Kate Paesani, of the Center for Advanced Research on Language Acquisition (CARLA) at the University of Minnesota, proposes an expanded definition of “authentic texts” in language classrooms. Authentic texts used for teaching usually include literary, cinematic and informative pieces; Kate proposes looking at road signs, candy wrappers, menus, multimedia pieces and even cartoons to help students develop both language proficiency and cultural literacy.
Here are good reads from around the globe that have caught our attention for the month of June.
We begin the month of June with a post by Valerie Borey on the kinds of courage she sees in her role as assistant dean of the Language Discovery programs. Early experience with language immersion helps kids learn to confront uncertainty, make educated decisions, and stick with frustrating tasks to start their growth into courageous global citizens.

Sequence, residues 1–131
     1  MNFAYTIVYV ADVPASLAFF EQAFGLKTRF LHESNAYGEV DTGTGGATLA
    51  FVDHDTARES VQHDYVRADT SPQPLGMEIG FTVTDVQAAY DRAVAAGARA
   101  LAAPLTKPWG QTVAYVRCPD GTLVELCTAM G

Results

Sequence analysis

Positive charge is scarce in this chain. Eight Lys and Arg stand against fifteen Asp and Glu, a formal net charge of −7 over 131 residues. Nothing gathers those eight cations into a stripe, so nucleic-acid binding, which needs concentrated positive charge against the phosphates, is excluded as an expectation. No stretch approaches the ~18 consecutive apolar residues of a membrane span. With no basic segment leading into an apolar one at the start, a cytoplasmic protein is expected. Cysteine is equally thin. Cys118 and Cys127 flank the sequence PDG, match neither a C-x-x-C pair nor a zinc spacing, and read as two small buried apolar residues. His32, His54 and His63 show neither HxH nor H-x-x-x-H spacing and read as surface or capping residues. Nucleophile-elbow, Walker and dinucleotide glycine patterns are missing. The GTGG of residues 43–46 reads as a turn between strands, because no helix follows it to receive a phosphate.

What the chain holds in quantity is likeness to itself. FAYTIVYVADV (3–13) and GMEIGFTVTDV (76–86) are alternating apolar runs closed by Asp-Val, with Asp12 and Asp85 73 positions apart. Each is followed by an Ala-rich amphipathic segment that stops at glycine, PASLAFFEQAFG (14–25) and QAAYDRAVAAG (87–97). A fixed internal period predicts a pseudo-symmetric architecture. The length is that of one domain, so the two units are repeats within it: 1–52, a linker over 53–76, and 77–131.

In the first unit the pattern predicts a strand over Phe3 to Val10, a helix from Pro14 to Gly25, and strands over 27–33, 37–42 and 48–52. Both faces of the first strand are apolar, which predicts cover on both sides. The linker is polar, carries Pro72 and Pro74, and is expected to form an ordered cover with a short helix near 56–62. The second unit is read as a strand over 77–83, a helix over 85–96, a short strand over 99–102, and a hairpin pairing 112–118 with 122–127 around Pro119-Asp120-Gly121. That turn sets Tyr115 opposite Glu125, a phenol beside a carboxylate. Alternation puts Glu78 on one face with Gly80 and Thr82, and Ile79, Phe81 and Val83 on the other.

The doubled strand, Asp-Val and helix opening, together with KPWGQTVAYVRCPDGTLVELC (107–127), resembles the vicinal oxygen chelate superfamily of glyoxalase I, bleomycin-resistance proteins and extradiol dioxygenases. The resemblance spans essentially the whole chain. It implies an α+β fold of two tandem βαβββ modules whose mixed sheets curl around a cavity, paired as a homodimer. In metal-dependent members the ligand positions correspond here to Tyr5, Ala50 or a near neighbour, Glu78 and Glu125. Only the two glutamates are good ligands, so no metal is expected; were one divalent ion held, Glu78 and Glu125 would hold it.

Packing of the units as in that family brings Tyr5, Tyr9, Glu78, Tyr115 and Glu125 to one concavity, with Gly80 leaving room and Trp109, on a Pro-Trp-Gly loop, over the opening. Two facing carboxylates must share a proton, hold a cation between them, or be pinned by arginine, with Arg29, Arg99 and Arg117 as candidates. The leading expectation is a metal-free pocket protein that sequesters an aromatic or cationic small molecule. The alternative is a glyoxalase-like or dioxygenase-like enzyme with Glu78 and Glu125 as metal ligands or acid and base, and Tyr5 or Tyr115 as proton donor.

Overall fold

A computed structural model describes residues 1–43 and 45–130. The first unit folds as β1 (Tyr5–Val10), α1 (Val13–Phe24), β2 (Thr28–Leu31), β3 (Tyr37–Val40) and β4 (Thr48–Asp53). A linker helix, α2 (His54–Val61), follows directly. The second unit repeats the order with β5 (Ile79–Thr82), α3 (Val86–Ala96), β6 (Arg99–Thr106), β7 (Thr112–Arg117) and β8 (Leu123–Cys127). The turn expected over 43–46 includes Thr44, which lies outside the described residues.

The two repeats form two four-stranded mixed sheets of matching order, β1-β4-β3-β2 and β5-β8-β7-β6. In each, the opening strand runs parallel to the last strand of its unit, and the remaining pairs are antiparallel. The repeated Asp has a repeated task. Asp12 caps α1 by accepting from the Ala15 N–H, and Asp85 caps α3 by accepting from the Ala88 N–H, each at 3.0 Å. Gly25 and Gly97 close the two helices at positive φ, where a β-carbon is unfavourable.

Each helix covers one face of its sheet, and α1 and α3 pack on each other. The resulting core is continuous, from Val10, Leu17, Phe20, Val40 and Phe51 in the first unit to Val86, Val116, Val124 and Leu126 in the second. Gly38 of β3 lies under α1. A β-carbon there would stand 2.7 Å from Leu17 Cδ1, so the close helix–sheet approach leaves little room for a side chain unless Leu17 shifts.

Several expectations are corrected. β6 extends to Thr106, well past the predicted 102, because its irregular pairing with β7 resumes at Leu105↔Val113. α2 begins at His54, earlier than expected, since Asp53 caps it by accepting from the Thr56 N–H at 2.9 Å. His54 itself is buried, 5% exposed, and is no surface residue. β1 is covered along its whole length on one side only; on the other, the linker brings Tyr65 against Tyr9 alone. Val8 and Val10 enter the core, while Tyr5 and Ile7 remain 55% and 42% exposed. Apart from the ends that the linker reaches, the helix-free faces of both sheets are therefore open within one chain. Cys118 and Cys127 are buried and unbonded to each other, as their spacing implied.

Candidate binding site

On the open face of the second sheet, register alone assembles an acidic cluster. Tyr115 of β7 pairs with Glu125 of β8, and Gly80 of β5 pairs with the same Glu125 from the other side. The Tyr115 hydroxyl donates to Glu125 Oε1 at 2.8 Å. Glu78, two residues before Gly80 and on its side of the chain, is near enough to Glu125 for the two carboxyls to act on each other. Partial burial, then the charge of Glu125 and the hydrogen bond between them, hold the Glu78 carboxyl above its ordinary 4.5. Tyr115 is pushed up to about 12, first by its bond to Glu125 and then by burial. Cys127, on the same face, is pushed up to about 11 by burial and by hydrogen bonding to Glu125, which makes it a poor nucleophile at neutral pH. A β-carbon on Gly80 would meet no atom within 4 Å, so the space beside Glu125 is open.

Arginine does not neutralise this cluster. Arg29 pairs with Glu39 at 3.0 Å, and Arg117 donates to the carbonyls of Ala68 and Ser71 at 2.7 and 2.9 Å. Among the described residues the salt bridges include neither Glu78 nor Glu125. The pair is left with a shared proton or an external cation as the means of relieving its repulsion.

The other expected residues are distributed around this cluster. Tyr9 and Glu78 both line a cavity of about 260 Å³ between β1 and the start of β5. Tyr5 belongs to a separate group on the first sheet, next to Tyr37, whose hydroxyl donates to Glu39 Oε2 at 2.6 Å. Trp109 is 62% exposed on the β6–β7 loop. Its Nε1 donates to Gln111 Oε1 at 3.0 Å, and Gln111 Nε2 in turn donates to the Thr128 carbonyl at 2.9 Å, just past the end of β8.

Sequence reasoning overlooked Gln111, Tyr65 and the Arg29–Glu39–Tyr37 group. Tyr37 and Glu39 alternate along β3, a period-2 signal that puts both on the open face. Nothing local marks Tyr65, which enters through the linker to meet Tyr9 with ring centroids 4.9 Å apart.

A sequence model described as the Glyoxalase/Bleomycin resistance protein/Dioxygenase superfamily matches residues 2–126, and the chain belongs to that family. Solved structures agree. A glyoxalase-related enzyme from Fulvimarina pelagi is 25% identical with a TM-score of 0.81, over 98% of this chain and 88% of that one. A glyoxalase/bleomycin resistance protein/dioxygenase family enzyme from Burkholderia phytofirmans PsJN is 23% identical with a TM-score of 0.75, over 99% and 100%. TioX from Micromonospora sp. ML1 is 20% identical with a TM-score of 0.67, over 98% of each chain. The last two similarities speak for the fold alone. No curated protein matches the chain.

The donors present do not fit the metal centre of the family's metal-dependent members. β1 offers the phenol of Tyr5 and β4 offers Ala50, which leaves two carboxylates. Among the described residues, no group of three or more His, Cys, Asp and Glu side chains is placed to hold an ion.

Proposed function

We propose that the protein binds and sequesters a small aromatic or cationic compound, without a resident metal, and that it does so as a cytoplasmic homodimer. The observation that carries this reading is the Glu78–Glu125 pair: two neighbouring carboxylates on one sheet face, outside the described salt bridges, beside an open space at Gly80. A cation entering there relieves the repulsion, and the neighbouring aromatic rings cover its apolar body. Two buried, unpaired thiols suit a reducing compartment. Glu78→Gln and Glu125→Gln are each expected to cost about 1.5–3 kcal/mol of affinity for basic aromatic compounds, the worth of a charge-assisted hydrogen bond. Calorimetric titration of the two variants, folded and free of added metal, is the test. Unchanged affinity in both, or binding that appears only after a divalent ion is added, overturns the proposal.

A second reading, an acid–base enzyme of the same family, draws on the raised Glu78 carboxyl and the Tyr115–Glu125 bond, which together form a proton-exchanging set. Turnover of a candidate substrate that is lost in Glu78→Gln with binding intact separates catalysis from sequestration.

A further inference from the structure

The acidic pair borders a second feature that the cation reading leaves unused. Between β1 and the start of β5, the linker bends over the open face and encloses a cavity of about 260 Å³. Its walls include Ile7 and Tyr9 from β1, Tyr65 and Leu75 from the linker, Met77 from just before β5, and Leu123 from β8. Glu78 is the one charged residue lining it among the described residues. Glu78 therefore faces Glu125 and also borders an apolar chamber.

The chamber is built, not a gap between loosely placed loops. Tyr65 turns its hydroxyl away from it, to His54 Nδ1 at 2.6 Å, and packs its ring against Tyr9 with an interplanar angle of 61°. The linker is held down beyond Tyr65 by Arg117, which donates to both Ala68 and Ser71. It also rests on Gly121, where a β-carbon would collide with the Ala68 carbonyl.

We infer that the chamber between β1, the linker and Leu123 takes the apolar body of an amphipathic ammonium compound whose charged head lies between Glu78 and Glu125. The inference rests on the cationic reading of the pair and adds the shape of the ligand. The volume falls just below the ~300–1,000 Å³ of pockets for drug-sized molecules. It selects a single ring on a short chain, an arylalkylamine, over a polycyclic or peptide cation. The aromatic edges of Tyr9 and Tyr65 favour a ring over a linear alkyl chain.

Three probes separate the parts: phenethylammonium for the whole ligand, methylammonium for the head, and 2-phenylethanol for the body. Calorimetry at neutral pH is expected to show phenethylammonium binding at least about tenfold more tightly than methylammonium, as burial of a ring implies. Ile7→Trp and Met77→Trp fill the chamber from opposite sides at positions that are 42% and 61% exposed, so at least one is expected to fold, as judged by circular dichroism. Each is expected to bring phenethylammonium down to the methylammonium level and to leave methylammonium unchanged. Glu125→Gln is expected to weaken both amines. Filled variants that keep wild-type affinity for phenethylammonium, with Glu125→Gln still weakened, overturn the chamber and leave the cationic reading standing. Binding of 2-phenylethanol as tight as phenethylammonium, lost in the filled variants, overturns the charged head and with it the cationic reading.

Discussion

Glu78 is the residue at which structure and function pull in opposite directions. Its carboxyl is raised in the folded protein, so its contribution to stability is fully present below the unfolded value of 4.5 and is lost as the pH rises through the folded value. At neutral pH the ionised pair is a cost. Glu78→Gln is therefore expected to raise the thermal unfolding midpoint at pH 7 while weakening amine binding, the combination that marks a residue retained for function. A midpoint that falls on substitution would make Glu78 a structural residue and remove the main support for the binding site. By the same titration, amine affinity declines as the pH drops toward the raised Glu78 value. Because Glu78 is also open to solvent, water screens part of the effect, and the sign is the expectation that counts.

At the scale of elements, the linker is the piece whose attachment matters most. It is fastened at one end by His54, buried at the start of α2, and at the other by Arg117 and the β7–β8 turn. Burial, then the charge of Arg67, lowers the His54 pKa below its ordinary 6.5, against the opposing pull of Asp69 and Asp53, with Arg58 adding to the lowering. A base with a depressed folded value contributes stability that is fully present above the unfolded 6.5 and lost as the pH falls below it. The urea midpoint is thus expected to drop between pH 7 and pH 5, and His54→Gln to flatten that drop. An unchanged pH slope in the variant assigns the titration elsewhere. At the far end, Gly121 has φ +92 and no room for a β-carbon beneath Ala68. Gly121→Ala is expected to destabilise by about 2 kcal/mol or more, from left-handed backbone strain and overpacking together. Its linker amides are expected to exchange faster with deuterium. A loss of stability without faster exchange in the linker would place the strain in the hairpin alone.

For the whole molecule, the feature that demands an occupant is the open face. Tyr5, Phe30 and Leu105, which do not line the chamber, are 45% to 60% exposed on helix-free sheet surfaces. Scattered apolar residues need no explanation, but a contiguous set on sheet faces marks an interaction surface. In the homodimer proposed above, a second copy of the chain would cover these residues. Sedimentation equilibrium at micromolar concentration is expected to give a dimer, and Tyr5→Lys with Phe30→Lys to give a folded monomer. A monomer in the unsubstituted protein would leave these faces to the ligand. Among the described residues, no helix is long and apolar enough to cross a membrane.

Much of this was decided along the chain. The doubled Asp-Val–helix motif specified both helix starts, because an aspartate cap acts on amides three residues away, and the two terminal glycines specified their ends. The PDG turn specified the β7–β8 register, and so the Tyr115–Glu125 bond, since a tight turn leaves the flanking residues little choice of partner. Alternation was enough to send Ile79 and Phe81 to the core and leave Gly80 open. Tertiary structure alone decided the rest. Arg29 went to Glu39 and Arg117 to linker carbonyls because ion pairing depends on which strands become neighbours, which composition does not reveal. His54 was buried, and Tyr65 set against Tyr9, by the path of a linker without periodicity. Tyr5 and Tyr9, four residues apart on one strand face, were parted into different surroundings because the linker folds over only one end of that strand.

As we complete our month-long exploration of community-based learning, we’re delighted to have a post from Tom Rosenberg, President and CEO of the American Camp Association. Tom takes us through the history of American summer camps and why, after 150 years, they are more needed than ever.
As we continue to study community-based learning this month, we look at the importance of community-based learning for one particular group: adolescent girls. Girls make up 57% of all campers, and the median age for all campers in the United States is between 12 and 14. This week, Stacie Berdan reviews The Confidence Code for Girls by Katty Kay and Claire Shipman, a book focused on helping girls to develop confidence and take risks in their learning and relationships.